But then Lou Diamond Phillips popped up on the screen, and I got really sad. One has to think that when Lou was starring in "La Bamba" and "Young Guns," he could never have fathomed that one day he'd be on TV competing in a bug-eating competition with someone named Sanjaya.


And, now, without further doo-doo, the photos:

Dirtbag Comedy Show, Pacific Beach, May 30, 2009.

My never-before-photographed pre-show tub soak.
Trust me when I tell you this was the most tasteful version BW took.

My dear friends Jim & Erik, who met me beforehand for dinner at World Curry (where the Teryaki chicken is out of this world).
Jim & Erik are historic figures in that theirs is one of the 18,000 gay marriages still recognized by the state of California.
Also, they like beer.

Psych! Like I would ever eat a plate full of white rice.

Our adorable, unsuspecting waiter.
"You're my first lefty," he said smiling, after I signed my Visa bill.
My mind reeled with possible retorts.

On the way to the Dirtbag; possibly the worst name for a taco stand EVER.

All the Hillcrest boys who came to watch me perform:
Andrzej, Keith, Erik, Jim & Stephen.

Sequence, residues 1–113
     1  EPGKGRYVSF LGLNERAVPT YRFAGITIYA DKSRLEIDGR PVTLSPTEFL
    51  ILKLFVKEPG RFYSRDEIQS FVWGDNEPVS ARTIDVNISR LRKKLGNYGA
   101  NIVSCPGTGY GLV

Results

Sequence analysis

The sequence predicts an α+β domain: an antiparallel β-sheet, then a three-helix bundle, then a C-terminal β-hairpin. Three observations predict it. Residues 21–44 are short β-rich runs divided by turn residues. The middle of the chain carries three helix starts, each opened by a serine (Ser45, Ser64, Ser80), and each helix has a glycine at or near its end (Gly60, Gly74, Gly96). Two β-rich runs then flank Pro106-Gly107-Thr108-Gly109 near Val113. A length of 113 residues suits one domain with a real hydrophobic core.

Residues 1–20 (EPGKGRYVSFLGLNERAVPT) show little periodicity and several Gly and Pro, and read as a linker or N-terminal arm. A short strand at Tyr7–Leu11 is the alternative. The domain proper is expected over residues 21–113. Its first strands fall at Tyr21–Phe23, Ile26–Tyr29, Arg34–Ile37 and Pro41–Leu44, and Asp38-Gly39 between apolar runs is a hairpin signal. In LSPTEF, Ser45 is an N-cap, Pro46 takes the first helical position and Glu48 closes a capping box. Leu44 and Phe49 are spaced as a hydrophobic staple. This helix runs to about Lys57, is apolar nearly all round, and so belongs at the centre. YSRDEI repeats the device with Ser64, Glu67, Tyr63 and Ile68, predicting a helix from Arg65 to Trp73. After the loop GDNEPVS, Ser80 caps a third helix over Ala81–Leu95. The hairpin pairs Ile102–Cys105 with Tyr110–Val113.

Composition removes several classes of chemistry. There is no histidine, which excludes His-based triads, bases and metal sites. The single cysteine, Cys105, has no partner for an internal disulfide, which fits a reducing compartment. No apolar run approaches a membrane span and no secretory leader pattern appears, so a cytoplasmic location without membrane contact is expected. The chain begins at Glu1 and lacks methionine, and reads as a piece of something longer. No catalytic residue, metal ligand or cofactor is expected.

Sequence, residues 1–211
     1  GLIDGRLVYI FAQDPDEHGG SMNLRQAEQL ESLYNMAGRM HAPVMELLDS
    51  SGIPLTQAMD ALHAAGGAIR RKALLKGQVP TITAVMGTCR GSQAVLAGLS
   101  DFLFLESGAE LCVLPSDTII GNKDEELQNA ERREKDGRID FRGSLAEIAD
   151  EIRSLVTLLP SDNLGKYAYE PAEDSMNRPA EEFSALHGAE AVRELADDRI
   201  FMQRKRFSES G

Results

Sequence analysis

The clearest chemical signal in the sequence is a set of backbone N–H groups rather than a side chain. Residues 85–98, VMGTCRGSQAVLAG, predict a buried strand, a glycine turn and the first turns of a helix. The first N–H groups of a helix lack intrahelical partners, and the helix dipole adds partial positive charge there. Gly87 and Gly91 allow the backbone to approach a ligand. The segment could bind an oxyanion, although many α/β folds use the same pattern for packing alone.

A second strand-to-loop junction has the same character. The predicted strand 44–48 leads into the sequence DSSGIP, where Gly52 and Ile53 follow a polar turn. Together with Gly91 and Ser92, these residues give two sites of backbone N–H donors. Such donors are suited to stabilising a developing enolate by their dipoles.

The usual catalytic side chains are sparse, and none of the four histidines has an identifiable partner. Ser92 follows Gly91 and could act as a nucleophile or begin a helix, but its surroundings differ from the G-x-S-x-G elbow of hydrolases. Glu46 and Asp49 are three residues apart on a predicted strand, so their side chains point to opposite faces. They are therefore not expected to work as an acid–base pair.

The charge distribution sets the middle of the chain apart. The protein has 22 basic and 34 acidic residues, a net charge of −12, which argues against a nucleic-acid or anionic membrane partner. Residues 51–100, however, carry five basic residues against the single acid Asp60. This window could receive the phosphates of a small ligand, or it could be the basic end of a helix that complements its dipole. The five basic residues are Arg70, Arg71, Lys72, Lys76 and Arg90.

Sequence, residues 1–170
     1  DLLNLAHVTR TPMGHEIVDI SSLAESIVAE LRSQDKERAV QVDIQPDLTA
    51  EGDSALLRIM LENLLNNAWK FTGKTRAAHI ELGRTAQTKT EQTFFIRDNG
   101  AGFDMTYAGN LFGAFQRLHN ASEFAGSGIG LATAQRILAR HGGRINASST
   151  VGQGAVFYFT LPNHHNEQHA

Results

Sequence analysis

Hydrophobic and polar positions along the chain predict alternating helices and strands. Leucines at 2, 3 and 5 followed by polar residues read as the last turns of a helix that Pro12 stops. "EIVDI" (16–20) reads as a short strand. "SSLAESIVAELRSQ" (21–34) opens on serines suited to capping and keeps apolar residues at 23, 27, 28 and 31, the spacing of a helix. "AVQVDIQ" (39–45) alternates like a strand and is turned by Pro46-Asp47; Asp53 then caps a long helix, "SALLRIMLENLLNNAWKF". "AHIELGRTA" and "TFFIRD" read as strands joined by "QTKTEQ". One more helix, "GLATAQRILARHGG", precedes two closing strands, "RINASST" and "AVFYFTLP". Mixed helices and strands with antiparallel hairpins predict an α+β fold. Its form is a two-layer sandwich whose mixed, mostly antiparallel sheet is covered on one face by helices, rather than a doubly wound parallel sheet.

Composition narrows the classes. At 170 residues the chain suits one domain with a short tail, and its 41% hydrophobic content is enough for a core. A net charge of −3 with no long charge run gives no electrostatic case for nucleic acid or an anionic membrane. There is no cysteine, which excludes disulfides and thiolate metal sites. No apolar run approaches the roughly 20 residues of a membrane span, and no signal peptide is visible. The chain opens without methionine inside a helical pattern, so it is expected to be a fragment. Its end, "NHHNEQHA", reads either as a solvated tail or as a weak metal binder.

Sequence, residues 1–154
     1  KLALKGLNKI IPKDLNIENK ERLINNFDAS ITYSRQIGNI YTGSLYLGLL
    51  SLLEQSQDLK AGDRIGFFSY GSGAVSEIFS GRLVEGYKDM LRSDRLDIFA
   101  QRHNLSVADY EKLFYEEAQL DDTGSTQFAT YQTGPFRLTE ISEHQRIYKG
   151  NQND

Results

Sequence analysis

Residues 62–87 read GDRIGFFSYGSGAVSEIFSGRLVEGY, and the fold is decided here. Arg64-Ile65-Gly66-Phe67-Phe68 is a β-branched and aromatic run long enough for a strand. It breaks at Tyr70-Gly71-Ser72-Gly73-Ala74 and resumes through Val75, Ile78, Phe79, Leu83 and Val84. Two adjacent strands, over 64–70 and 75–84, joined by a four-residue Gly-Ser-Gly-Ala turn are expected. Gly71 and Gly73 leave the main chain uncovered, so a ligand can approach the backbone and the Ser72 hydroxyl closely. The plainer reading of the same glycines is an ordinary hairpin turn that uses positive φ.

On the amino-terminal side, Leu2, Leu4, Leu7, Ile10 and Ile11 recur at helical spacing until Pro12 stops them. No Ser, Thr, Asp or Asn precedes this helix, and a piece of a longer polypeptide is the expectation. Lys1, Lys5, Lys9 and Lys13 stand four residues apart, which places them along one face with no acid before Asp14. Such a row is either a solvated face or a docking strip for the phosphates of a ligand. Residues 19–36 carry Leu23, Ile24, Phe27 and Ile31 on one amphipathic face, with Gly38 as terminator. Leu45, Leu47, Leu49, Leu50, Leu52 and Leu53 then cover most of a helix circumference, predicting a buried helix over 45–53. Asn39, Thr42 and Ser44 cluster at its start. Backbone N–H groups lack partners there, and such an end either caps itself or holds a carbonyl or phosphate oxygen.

Andrzej needs to buy a vowel.

The beautiful and talented Larry "Fiduce" Fiduce, Dirtbag star, known for his catchphrase, "Cock and balls."
Also for his fine, fine bod.
You can't tell, but I'm trembling beside him.

Another hilarious Dirtbag regular, pint-sized bodybuilder Mike Wentz.

Rob Stuppy gets violated by Chris Meza.
This is what happens when you tell two straight-boy comics that they're being photographed for a gay blog.

The incredibly cool Jared "Doc" Egan.
He makes all of this possible.

MC Fiduce rocks the (typically full) house.

Me on-stage! Doing some actual new material!
I think someone videotaped my set, so I'll post clips when they become available.

My Heidi Klum bit. Yes, I'm still doing it.

Imitating a drunken girl in the crowd.
I should really never make this face again.

Curtain call, baby!

I'm so happy to have found these guys and this place. I'll be hosting the show this Saturday, June 6.

Homo photographed.